Their squeaky clean image won them famous fans such as President Richard Nixon, who invited them to perform at the White House in 1973. They had hits like “Sing” and “Top of the World” the same year. Unfortunately, the extensive touring and other demands began to take their toll on Karen.

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Personal Struggles and Husband

Carpenter had lost a significant amount of weight and was experiencing extreme exhaustion by 1975. (It was later discovered that she suffered from anorexia nervosa.) She spent some time in the hospital and was in such bad shape that she had to cancel the Carpenters’ European tour. Carpenter spent weeks recovering at her parents’ house, but her eating disorder would plague her for the rest of her life.

Karen and Richard continued to make music, scoring hits with songs like “I Need To Be In Love” in 1976. By the end of the decade, however, they were no longer ruling the pop charts. Karen’s personal life, however, appeared to be improving around this time. In 1980, she married real estate developer Thomas Burris. Unfortunately, this union soon fell apart as Carpenter battled her illness and her husband battled business difficulties.

Untimely Death

The Carpenters last charted on Billboard’s Top 40 in 1981 with “Touch Me When We’re Dancing,” which also charted at number one on the adult contemporary chart. Around this time, Karen sought treatment for her eating disorder. She relocated to New York, where she received treatment for nearly a year. Karen appeared to be in better health when she returned to California.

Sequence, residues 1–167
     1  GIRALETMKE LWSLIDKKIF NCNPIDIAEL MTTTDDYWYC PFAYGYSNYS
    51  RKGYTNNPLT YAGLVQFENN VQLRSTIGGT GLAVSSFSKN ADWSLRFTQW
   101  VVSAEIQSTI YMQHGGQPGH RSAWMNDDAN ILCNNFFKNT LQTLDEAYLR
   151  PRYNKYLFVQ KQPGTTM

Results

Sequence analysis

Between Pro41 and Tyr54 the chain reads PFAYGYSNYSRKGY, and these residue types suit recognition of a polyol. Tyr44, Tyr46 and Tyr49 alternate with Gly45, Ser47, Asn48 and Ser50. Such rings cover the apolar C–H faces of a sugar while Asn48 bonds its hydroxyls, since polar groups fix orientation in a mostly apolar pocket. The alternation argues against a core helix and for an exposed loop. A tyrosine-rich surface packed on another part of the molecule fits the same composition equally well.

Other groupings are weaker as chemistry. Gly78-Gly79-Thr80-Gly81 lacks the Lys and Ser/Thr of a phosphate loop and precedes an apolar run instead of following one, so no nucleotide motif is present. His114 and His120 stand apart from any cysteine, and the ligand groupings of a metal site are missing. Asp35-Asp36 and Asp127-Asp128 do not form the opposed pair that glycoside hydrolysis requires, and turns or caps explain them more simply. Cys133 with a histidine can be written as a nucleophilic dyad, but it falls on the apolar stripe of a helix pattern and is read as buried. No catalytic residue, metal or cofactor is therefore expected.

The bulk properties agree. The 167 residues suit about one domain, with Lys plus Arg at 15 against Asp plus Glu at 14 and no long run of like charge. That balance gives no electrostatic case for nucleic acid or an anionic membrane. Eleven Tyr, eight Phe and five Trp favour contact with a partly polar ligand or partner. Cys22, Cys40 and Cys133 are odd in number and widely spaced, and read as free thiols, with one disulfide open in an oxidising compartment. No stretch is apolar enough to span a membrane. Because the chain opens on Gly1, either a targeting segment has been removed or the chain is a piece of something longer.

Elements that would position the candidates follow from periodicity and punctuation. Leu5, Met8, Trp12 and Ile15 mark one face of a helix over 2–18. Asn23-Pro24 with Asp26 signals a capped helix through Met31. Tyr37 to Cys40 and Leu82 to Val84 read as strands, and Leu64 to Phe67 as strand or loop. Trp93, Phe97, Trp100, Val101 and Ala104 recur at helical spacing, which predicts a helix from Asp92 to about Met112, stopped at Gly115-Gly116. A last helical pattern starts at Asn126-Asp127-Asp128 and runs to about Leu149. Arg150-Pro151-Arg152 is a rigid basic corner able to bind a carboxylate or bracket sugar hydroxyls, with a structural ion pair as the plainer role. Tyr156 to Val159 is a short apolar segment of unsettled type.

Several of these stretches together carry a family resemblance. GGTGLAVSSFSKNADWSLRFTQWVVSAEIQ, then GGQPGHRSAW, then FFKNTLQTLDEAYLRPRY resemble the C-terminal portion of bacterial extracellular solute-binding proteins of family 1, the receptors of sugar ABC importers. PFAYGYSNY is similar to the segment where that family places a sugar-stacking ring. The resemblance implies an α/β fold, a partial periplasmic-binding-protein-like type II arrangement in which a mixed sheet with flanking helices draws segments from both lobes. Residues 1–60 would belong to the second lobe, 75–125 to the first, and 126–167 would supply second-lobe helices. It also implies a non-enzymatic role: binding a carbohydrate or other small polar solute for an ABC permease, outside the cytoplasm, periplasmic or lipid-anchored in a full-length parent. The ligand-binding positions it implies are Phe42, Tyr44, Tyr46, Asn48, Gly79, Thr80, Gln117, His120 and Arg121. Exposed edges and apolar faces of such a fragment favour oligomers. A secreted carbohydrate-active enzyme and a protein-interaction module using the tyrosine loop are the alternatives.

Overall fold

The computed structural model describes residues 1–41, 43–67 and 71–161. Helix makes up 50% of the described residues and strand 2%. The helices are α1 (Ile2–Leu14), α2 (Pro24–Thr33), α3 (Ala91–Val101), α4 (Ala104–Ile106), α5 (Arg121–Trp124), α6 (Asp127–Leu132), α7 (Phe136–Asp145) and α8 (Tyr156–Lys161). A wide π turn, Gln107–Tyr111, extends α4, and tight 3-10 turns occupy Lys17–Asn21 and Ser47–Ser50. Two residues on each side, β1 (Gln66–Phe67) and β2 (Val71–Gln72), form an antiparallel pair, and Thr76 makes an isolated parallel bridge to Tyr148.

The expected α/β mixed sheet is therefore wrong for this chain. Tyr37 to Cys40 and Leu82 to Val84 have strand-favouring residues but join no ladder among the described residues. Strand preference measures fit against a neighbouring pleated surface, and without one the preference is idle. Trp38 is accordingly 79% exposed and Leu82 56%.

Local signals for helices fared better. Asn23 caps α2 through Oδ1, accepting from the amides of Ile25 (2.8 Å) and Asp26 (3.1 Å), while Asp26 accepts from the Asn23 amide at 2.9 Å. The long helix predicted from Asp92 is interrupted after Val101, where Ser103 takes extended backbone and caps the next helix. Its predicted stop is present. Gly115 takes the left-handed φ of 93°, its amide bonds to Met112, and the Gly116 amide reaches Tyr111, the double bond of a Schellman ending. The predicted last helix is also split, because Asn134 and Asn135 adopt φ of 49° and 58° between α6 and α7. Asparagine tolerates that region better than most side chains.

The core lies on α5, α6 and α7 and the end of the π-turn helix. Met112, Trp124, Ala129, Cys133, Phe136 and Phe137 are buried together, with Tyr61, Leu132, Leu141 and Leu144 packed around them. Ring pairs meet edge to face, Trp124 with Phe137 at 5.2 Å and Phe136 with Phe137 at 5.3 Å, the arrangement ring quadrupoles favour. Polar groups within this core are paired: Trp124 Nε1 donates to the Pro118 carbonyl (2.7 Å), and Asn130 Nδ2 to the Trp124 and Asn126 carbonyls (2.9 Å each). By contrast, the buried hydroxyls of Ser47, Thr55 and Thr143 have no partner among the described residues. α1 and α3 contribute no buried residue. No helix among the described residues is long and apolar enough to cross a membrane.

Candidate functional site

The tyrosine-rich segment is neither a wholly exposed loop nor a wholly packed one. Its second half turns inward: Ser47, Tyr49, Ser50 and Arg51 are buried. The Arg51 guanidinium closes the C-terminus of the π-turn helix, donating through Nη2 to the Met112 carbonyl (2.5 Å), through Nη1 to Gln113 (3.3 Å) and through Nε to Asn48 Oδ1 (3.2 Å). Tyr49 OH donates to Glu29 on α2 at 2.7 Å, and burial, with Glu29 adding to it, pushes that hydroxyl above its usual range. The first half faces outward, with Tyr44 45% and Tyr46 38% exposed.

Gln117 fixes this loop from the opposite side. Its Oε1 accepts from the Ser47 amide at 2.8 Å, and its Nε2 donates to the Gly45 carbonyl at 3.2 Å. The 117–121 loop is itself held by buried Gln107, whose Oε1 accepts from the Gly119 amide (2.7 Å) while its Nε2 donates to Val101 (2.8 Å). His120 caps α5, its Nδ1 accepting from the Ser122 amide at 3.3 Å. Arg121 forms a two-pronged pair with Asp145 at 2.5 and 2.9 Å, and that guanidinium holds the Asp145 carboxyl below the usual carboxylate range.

Karen collapsed at her family’s Downey, California, home on February 4, 1983. She was taken to a nearby hospital, but the doctors were unable to resuscitate her. Carpenter died of heart failure, which was most likely caused by her long battle with anorexia. She was only 32 at the time.

The music industry mourned her death. Burt Bacharach, songwriter, told People magazine, “She was a magical person with a magical voice.” Carpenter’s sole solo release, a self-titled album, was released years after her death in 1996.

Further Reading

Related Lists of Celebrities’ Net Worth

Or, browse all celebrities’ net worth.

How To Become Rich Like Karen Carpenter?

Karen Carpenter did not become rich by luck. To become as rich as Karen Carpenter, you have to work smart.

Successful people become rich because they take advantage of the opportunities that come their way. They are in the right place at the right time and take the right action.

Thanks to the Internet, the world has changed massively in recent years. Nowadays it has become much easier to make money online.

Instead of looking for a 9-5 job and staying in your comfort zone, it’s better if you become your own boss as soon as possible.

You can learn how to build a digital asset that generates cash flow for you while you sleep to grow your wealth quickly.

If you seize this golden opportunity in time, you can become as successful as Karen Carpenter one day.